Clint Eastwood is thinking about mortality. I don't assume it's because he is 80 years old, but he found a story by Peter Morgan (The Queen, Frost/Nixon) which he really felt a connection with and decided to make it into a film. Hereafter includes two real life events, the 2004 Southeast Asian tsunami and the 2005 London underground bombings, and follows three different main characters and how they are affected by events which shape their thoughts on mortality and what may come afterwards.
The three main characters are geographically separated. One is a French newscaster who was personally caught up in the tsunami. The second is a young British boy who does not know how to function or what to do after his twin brother is suddenly killed. The third is Matt Damon, the American, who has the ability to make connections with people and interact with their loved ones who are in the hereafter. He views it as a curse, not a gift.
Each character encounters different reactions as they attempt to discuss what happened to them and there are some moments concerning different nationalities and how they may respond to the idea of a hereafter. The French are very intellectual and in the film view the idea of a hereafter as a subject which serious people do not discuss and these visions of an afterlife are most likely the result of a concussion. The British, on the other hand, are shown through a montage sequence of various charlatans and fake psychics as they extort money from people looking for answers. The American, who actually has the ability, wants nothing to do with it and tries very hard to keep it hidden.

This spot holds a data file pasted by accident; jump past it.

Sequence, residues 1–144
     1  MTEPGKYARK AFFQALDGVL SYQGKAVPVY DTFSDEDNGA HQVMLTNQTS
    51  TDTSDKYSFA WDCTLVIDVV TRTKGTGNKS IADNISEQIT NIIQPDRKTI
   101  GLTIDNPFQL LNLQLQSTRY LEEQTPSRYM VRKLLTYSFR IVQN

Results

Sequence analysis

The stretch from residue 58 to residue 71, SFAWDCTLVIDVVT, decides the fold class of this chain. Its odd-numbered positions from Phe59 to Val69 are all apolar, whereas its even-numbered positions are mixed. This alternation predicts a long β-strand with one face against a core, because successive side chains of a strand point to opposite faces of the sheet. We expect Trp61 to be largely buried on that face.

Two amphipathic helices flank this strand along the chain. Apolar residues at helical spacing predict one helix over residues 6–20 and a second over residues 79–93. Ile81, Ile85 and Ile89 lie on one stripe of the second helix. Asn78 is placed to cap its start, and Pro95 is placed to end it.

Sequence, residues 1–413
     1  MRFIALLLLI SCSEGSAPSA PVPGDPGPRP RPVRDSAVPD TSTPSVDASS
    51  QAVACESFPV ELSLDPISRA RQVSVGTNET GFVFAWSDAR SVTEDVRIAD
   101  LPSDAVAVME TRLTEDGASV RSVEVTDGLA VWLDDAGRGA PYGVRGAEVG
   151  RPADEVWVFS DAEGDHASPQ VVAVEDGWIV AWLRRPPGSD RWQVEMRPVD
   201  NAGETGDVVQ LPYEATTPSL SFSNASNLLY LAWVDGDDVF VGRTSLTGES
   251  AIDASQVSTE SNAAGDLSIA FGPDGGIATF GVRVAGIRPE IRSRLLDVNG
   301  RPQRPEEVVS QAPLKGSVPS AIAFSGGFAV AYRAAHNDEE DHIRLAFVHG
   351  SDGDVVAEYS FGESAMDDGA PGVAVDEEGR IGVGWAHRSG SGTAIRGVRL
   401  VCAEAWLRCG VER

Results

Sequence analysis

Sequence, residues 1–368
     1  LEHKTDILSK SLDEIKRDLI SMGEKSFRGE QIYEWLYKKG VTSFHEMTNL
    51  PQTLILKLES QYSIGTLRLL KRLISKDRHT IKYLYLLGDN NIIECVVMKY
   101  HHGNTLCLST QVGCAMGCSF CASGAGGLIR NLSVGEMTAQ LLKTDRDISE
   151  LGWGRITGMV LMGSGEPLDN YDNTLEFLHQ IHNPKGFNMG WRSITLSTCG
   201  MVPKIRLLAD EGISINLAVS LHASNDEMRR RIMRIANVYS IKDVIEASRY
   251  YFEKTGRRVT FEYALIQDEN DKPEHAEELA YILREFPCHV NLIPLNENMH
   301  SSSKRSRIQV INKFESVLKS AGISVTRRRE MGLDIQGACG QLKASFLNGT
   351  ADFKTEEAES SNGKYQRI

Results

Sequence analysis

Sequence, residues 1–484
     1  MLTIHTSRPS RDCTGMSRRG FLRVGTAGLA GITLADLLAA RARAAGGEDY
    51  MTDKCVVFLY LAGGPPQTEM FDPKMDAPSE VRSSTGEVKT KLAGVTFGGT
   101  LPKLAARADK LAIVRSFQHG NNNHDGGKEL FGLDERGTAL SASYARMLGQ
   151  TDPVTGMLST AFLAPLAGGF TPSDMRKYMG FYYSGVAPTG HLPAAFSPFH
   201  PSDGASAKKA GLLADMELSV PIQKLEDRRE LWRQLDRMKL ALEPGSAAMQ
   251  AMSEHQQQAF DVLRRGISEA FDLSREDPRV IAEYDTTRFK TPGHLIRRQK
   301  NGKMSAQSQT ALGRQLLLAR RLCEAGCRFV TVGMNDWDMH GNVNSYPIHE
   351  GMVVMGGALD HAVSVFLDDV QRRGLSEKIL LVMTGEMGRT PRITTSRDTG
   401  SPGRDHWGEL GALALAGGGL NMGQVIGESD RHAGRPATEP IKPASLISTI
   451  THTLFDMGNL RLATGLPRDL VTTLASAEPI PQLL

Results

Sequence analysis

I knew beforehand it was a Clint Eastwood film, but if I did not know that, I still would have attached his name to it. The music which was so memorable from Gran Torino and Million Dollar Baby is back again and the long, contemplative shots of the characters trying to make sense of things are here as well. The two young British actors who play the twins, Frankie and George McLaren, are outstanding in their first acting roles and contribute a big emotional weight. The lighting, especially in Matt Damon's scenes in his apartment and in his hotel room, is way too dark. It is side and back lit and much too harsh.
Hereafter has some bad luck as its video release is the same week as the Japanese tsunami. There is a very realistic tsunami wave in this movie; however, it is brief and early on. To label it a 'tsunami movie' is very misleading and a discredit to what Eastwood is trying to discuss. Eastwood's previous, recent films are better than Hereafter, but this movie is still far superior than the vast majority of its competitors.